Doula Drama
January 4, 2017 2:17 PM   Subscribe

Inside The Million-Dollar Get-Rich Doula Clique. Buzzfeed profiles ProDoula, whose controversial efforts to "professionalize" doula services is described as both empowering and predatory. (Warning: includes disability slur).
posted by snickerdoodle (17 comments total) 10 users marked this as a favorite
 
This is fascinating! I was a member of the Business of Being a Doula Facebook group for a while, oddly enough, thanks to a newly-postpartum (read: crazy) interest in possibly becoming a doula. I'm not sure why they approved me. Those women are relentless sharks, and not entirely in a bad way. I mean, there should be room for the business-minded doula who brands herself as a luxurious necessity, much like a photographer, but there should also be room for the hippie-ish lady who is doing it for the love. BOBAD thinks it should be all business.
posted by apricot at 2:24 PM on January 4, 2017 [4 favorites]


Hey! The article quotes our doula! If you're in Columbus, Catie Mehl was great for us. We only did postpartum, but she was super helpful and very nice.
posted by kevinbelt at 2:49 PM on January 4, 2017 [2 favorites]


"But Patterson doesn’t feel she can control the actions of individual ProDoulas."

That's what these people are PAYING FOR, the sanction & "legitimacy" of the ProDoula brand. You can't take credit for participants' successes while abrogating responsibility when their behavior is ludicrously inappropriate. These people sound downright predatory. And the whole "de-politicizing" doulaship bit is self-righteous hot air. We do a shitty job in the US of treating childbearing people humanely and with respect, and you can't fucking de-politicize that.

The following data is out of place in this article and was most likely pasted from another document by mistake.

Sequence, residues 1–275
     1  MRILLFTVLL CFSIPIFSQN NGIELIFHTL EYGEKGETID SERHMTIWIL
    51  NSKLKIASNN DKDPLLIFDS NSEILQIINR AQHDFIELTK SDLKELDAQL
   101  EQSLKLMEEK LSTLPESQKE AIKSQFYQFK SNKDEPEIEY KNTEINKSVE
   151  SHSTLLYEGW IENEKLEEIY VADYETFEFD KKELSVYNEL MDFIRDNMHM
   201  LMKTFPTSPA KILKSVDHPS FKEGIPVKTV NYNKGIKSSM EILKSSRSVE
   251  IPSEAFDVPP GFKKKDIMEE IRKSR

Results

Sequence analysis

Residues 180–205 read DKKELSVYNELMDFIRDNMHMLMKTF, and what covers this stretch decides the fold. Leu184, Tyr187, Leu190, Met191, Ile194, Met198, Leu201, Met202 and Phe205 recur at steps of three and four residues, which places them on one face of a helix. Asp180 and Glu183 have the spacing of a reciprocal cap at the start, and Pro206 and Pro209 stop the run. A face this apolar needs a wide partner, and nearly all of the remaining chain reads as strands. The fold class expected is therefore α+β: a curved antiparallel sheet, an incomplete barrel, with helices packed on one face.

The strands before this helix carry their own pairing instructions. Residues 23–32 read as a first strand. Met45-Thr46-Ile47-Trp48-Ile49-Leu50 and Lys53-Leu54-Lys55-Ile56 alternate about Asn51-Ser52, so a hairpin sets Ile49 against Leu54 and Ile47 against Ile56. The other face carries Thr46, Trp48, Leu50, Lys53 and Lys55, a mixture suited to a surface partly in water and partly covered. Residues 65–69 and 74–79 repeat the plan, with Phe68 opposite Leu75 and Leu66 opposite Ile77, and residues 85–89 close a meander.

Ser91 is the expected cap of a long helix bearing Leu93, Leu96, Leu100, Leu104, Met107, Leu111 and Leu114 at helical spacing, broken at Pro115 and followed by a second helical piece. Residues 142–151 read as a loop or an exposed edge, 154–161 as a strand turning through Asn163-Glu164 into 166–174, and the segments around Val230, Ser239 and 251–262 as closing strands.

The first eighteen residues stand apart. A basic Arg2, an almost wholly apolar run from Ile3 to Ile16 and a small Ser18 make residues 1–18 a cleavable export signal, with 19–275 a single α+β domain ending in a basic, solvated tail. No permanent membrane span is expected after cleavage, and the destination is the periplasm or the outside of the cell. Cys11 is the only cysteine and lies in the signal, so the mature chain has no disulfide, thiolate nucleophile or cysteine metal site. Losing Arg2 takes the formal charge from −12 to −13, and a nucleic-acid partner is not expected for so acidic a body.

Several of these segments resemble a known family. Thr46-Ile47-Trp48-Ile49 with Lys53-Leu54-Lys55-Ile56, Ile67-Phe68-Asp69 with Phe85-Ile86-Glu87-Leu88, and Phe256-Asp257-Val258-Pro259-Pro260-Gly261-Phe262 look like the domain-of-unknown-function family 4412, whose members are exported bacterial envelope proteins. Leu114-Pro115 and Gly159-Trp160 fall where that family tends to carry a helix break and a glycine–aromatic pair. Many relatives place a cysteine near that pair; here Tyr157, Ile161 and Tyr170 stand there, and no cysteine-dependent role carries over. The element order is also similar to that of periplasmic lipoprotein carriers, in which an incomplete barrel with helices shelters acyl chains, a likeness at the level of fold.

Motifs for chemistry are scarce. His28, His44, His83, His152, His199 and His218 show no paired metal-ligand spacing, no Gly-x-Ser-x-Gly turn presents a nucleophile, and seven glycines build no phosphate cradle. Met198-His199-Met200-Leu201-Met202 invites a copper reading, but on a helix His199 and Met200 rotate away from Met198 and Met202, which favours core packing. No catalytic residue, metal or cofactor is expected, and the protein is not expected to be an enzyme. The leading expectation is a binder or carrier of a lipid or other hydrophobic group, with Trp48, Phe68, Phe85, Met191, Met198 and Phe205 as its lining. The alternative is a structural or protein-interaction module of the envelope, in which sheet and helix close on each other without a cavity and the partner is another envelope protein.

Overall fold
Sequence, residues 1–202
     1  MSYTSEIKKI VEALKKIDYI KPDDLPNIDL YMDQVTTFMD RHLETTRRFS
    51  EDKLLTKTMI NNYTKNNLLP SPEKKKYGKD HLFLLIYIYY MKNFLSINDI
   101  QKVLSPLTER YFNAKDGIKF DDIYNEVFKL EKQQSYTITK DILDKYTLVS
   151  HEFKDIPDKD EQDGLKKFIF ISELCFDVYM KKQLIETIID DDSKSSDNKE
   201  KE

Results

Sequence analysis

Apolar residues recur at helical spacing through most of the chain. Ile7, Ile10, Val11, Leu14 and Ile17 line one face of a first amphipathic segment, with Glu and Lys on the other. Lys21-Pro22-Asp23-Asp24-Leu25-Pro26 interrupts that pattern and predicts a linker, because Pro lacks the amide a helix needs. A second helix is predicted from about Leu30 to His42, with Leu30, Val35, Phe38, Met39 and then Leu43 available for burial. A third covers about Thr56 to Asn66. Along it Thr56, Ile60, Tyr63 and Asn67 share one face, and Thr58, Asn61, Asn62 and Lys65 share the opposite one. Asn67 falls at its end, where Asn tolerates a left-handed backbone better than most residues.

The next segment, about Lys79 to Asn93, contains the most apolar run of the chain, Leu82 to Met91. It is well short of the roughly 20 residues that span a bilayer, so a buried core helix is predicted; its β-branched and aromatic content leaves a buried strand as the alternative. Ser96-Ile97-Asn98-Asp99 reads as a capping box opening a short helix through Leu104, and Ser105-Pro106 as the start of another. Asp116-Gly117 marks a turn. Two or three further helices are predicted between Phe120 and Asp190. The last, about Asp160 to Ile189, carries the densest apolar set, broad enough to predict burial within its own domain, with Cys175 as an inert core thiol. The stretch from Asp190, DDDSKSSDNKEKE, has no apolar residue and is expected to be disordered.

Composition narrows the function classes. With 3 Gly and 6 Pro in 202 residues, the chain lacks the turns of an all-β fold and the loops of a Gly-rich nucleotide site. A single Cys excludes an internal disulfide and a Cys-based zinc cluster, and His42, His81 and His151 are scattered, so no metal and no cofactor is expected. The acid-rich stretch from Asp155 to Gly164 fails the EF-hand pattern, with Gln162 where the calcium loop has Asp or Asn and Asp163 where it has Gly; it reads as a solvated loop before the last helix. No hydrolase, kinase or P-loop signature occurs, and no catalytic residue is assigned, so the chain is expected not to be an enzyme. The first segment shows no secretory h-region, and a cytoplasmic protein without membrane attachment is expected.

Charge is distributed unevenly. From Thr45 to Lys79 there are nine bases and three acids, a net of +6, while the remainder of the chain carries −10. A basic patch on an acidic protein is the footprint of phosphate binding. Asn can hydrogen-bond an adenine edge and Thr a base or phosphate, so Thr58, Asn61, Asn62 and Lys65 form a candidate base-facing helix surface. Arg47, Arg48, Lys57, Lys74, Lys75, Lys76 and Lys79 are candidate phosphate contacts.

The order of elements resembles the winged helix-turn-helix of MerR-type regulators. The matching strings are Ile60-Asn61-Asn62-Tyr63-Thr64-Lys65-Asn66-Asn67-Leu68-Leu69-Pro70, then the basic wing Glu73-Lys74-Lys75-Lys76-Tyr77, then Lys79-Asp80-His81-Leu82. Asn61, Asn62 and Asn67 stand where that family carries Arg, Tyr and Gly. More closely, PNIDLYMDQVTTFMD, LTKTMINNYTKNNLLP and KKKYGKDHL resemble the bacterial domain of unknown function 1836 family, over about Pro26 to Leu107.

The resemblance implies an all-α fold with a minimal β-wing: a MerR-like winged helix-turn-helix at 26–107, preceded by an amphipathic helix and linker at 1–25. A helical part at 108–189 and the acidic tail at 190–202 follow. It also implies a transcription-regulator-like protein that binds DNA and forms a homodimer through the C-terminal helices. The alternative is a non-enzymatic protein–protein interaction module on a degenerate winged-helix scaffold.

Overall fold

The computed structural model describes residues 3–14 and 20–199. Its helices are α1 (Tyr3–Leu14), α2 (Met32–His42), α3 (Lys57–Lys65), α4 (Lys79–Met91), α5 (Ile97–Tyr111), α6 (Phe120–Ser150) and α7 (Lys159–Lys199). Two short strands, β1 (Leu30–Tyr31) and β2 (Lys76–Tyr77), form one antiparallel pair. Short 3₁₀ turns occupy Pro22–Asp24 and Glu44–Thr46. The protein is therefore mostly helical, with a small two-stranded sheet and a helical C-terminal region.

posted by sutureselves at 3:39 PM on January 4, 2017 [7 favorites]


Towards the middle of this piece, there is an infographic listing how much various ProDoula services cost, and it's supposed to be jaw-dropping, I think, but the costs seemed pretty reasonable. $150 for social media consulting? I work in digital marketing and that's a standard hourly rate for an experienced social media consultant. $395 doesn't seem out of line for registration for a professional conference either.

I don't know, there are a lot of interesting issues raised here (how "women's work" is less valued, the transition from hippie side-hobby to professionalization) but a lot of this piece seemed to rest on Pro-Doula's big-personality, polarizing founder. And yeah, she sounds like a character who is ready with the sound bites, but that seems like just as much a part of the marketing as anything else.
posted by lunasol at 3:42 PM on January 4, 2017 [4 favorites]


Thanks in part to our on-demand economy, doulas are now more popular than ever.

What on earth does this mean? I kind of wish the author would explain it, because as it is it just seems like it's intended to link this to some larger, scary trend in society without having to do the actual work of showing what that link is or why it's important.
posted by lunasol at 3:47 PM on January 4, 2017 [4 favorites]